The criminal justice bill known as the First Step Act can claim a remarkably broad range of supporters, including President Trump, key Republican and Democratic members of Congress, the Fraternal Order of Police, and the American Civil Liberties Union. However, one of the few remaining opponents of the bill, Sen. Tom Cotton (R-Ark.), has characterized it as a “jailbreak that would endanger communities.”
Such rhetoric may stoke fears about armies of violent criminals being released to prey on society, but in truth the First Step Act applies to a remarkably small and overwhelmingly nonviolent segment of the U.S. prison population.
Source: Bureau of Justice Statistics
The most important — and least understood — fact about any congressional sentencing reform legislation is that it touches only the federal system, which is a small part of the country’s overall criminal justice system.
The United States imprisons a staggering 1.5 million people, only one-eighth of whom (12.6 percent) are in federal prisons. Because violent crimes such as homicide and rape are almost always charged and prosecuted at the state level, the proportion of all violent prisoners who are in federal prisons is even smaller (1.8 percent). The narrowly focused First Step Act thus carries no risk of releasing an avalanche of violent offenders on communities — even abolishing the entire federal prison system outright wouldn’t do that.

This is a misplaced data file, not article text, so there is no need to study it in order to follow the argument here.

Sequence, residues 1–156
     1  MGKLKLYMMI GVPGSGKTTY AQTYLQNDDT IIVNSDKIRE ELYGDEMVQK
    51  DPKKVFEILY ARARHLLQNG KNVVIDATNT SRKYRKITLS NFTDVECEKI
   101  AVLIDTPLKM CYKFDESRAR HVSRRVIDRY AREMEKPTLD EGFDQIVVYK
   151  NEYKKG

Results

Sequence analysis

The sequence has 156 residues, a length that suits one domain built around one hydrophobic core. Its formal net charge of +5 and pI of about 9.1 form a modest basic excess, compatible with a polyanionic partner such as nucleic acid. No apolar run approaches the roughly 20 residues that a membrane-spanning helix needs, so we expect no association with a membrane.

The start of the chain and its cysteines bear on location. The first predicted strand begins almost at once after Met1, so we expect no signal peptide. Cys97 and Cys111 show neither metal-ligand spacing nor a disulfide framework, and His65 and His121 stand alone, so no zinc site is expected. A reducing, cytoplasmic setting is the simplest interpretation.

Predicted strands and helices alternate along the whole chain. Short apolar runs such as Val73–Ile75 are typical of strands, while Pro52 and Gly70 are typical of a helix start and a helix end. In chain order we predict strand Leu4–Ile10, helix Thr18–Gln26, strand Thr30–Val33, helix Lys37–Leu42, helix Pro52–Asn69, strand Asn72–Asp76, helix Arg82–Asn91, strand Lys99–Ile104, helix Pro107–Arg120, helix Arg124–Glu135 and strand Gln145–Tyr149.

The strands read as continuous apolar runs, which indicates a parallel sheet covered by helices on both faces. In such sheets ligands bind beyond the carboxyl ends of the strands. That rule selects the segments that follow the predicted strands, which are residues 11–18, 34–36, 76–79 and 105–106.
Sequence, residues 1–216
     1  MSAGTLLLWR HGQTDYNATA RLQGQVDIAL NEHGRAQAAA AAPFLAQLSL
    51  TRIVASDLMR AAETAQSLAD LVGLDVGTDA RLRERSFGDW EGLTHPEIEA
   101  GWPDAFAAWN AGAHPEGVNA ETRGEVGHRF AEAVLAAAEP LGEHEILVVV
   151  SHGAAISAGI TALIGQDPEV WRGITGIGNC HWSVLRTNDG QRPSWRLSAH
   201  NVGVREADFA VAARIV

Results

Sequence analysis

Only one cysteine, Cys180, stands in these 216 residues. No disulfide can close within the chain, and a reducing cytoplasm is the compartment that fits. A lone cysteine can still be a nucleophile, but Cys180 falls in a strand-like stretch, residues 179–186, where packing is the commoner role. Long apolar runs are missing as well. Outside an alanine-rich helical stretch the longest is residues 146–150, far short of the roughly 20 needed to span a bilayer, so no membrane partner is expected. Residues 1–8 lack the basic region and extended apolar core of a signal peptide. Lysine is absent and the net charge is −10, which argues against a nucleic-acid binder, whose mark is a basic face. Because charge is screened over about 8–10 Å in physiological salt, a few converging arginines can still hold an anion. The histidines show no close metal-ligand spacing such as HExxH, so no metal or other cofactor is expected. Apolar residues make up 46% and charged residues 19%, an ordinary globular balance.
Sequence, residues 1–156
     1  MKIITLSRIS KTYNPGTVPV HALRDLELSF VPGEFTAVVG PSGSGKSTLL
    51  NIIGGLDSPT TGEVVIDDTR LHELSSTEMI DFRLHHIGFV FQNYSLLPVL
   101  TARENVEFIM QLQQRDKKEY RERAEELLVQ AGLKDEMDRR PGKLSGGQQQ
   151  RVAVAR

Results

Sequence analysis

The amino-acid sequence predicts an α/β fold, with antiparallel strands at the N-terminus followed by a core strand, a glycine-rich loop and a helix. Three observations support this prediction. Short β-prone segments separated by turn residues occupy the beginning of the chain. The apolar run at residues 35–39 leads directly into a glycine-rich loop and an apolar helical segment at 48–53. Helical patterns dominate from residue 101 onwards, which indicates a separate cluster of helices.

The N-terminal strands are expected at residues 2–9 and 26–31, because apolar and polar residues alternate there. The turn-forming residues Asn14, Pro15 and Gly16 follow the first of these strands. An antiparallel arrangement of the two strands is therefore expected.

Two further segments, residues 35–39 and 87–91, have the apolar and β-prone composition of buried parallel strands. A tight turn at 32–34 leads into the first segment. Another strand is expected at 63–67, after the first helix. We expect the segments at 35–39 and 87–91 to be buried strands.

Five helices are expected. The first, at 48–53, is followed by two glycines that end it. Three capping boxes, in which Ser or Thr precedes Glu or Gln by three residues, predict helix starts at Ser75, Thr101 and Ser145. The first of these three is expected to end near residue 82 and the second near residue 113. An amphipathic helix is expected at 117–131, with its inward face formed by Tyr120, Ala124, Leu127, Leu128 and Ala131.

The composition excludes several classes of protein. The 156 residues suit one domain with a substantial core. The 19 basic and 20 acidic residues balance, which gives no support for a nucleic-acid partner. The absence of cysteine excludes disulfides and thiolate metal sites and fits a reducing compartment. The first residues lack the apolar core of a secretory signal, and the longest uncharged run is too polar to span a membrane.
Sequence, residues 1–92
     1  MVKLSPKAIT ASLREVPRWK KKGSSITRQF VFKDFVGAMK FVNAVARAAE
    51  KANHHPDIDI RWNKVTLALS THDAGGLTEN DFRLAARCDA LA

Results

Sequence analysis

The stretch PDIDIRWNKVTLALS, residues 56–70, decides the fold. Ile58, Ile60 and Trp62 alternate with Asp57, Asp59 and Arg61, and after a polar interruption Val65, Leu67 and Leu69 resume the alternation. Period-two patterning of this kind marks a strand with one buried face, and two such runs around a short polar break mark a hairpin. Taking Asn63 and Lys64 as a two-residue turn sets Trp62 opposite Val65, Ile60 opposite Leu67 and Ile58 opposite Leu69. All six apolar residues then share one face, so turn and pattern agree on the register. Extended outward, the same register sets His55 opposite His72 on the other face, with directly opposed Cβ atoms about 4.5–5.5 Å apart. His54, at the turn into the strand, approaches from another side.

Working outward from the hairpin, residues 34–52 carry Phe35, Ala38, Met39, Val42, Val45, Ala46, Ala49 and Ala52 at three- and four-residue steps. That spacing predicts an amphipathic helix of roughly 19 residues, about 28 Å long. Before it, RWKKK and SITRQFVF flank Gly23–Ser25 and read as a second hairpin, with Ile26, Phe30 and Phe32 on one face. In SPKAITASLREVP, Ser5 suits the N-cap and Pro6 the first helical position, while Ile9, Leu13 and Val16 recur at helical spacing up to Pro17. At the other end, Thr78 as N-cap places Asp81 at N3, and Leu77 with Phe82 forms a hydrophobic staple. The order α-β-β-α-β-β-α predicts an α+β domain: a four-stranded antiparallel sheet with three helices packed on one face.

The provisions of the First Step Act that make the largest number of prisoners eligible for early release are also narrow in scope. The act clarifies that prisoners can get up to 54 days off their sentences each year for “good time” credits earned by following prison rules and participating in rehabilitation programs. That law has been on the books for some time but has been interpreted by the Federal Bureau of Prisons to impose a 47-day limit. If implemented retroactively, this change would free perhaps 4,000 federal prisoners.
A different part of the act would make the 2010 reduction of the powder vs. crack cocaine sentencing disparity retroactive, reducing the sentences of an additional 2,500 or so inmates.
If those numbers sound large, consider that more than 1,700 people leave U.S. prisons every single day. The First Step Act would be equivalent to having about three or four extra days of prison release during the year that the law passes, with even smaller effects from then forward. And almost none of the inmates released early would have committed violent crimes.
In short, the law is a worthy reform of modest scope certainly to be welcomed and not at all to be feared.